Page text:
Cristoph Waltz plays an excellent villain.  Not a “bad guy”—a villain.  Measured, methodical, mean, and he won before you started fighting.  He dominates the motivation and concern of the hero(s).  He is certain to prevail right up until the very end when, in true Hollywood fashion, the villain gets his due.

I might make that observation of any film I’ve seen him in.  In Horrible Bosses 2, it holds true, but he is also very funny.horrible-bosses-2

As a sequel, Horrible Bosses 2 is a fun return to the characters of the first.  The title is appropriate, though reversed in meaning.  Instead of working for people who are horrible humans, Nick, Kurt, and Dale are now bosses who are horrible at their job.  On a scale of funny, the first is probably better, but I found myself delighted by the silliness, slapstick, and word gags of another bumbling attempt at committing a Class A Felony.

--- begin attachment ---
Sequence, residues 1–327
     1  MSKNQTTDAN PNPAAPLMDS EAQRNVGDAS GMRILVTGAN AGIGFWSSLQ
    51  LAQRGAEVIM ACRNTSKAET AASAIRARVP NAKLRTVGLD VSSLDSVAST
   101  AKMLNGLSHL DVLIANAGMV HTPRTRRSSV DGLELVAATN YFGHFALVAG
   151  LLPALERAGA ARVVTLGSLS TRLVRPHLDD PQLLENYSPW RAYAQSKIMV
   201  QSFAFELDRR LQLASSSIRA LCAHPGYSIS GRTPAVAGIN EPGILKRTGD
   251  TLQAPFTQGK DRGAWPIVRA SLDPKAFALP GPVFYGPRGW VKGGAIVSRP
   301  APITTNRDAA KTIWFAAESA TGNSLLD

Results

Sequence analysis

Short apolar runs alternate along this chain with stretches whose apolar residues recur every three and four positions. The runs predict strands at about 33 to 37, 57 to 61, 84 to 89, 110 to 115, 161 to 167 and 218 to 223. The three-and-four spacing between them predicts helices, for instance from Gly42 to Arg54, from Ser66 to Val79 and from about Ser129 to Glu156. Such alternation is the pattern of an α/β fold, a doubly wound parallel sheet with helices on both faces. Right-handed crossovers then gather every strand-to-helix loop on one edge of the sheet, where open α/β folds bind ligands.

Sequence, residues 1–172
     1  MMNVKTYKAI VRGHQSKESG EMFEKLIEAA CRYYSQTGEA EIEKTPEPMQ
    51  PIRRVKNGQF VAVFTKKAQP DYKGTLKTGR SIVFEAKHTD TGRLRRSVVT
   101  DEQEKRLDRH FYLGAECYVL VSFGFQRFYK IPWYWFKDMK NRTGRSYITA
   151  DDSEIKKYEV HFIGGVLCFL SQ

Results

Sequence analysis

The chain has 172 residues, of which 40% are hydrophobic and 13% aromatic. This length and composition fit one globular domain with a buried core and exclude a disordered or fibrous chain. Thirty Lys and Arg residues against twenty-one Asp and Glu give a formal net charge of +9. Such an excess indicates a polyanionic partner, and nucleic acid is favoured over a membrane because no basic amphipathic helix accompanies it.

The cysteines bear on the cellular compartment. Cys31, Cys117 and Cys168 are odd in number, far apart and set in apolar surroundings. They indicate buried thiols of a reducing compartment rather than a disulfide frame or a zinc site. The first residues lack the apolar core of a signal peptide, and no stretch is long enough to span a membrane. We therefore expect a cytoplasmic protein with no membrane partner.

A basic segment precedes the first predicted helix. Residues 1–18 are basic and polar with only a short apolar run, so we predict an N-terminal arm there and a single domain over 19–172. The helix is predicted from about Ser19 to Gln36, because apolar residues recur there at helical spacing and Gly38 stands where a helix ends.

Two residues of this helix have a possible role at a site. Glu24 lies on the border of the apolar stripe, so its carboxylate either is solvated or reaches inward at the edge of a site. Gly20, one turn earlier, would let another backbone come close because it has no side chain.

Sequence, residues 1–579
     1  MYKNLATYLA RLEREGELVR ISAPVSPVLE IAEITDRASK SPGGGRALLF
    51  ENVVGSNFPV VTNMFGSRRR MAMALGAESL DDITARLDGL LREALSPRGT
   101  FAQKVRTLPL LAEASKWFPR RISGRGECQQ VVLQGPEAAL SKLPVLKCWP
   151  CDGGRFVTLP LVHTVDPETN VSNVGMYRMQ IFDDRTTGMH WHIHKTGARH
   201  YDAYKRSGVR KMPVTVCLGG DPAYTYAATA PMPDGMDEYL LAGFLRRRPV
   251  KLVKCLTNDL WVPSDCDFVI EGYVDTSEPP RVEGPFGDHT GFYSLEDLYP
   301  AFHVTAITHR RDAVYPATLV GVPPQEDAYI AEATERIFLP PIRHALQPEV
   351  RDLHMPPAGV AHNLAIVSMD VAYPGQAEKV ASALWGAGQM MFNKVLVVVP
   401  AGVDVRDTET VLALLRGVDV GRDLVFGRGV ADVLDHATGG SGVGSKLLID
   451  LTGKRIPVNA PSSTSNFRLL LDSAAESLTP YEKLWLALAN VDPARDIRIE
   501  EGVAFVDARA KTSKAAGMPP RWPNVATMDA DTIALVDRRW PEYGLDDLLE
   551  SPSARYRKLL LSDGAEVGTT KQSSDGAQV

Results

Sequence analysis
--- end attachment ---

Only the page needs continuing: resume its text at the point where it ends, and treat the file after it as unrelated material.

For the cast, effortless performances were delivered by the main trio (Jason Bateman, Jason Sudeikis, and Charlie Day).  Their antics flow smoothly and humorously.  Jennifer Aniston is notable mostly because it’s just funny to hear her talk about her mental collection of penises.  The real standouts are Chris Pine and Jamie Foxx, though Pine should have been eating an apple through most of the film.  Jamie Foxx’s character is given the best shock-funny lines in the film, taking advantage of them to make the audience feel awkward about their own assumptions.  I mean, really, why wouldn’t “Mother F—er Jones” have a carpeted triple-decker cat tower in the back of his El Camino?

If you are a fan of the original, you will probably enjoy this one.  If you are looking for the funniest thing since X, you’ll probably enjoy it, if X wasn’t that long ago or that funny.